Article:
You can know anything. It's all there. You just have to find it.

-Neil Gaiman


Friday, June 12, 2015

A Scottish Tale

Here is a story to discover whether or not you have a British sense of humor.

This is a true story.*

*My dad told the story to me.**

**It gets more details every time you hear it.

Once upon a time, my father's mother (my grandmother) was a little girl growing up in Glasgow, Scotland.

In the thirties. Which meant the depression. And I know that the depression in America was really bad, but many Americans didn't know it was also bad in Europe, and north England, Scotland, Ireland and Wales it was especially bad. Unemployment was around 70% at one point.

Anyway, my grandma had a bunch of brothers and at least one sister and her mother had decided to have a dinner and invited several aunts, uncles and cousins over. I don't know if it was a special occasion or birthday or whatever. But I do know there was a problem.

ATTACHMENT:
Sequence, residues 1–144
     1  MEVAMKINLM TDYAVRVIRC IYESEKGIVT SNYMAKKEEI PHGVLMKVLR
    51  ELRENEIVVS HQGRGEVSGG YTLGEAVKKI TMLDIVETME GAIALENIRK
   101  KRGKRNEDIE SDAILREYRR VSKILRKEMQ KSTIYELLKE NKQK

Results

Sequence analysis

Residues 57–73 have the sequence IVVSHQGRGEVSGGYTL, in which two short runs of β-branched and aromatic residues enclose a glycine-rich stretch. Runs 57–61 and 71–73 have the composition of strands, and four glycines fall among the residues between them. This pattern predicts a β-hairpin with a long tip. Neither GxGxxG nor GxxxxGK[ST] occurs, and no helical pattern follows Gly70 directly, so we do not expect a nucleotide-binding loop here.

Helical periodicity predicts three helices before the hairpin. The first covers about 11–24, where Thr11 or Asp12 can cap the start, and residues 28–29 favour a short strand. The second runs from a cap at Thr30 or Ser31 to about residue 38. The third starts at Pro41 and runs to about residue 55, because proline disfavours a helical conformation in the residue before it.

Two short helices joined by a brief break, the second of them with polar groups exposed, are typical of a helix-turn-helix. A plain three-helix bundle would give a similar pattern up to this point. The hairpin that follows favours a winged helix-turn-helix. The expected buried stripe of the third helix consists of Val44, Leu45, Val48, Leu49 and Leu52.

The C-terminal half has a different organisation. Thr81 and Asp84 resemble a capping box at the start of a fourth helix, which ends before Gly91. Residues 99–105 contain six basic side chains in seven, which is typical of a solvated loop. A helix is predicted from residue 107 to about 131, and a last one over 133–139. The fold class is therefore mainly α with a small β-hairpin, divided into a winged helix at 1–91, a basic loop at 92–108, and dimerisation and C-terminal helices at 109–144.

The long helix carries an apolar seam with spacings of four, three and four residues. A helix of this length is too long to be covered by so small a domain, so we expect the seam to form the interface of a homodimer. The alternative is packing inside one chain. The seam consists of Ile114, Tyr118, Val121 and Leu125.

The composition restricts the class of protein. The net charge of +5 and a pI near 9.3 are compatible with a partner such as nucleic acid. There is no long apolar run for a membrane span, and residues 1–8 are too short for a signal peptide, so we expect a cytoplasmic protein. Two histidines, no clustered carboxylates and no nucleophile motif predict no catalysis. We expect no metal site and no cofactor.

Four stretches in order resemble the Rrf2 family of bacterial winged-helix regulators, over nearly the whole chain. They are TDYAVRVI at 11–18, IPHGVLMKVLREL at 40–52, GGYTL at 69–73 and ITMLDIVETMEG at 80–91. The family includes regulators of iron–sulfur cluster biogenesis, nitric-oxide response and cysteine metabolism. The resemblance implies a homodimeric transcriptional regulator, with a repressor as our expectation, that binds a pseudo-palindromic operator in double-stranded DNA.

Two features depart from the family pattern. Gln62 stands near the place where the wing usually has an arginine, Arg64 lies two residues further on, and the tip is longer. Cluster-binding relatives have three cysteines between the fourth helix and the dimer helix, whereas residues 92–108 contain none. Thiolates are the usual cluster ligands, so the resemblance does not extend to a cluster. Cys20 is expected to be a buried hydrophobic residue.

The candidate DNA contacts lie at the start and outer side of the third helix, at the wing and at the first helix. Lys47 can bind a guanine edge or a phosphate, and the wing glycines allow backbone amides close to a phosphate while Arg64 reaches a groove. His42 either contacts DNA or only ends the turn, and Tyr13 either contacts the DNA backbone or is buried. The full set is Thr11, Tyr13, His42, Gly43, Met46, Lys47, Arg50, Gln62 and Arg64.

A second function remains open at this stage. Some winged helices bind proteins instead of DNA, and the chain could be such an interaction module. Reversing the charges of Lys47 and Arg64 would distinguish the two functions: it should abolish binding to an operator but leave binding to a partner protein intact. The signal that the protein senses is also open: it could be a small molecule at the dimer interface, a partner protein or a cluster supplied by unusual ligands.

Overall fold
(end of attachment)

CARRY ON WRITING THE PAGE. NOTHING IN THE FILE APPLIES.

The problem?

There wasn't enough food for everyone.

So here is what my great-grandmother said to the kids.

"Okay, you are going to say you're not hungry. You're going to pass on the food when it goes around the table. There's just not enough, alright? I need to make sure there's enough for the guests."

All the children agreed. Because, well, they had to. They're kids.

So dinner was served and all the kids said they weren't hungry, just like they were told.  "No, thank you. No, thank you, I'm full."

What good little kids.

After dinner cake was served.


Well now, their mother didn't say anything about not eating the dessert!  Yay!

So when the cake was cut and passed around, my grandma said, "Yes, I would like a piece of cake, please."

And then her mother said:

"I'm sorry. You can't have any cake. You didn't eat your dinner."

Now - if you started laughing in a horrid, obscene manner, you have a British sense of humor.

If you gasped in horror and said, "Dear God, that's just awful!" I'm sorry, but you're a Puritan.

- To be fair, I did a little of both.

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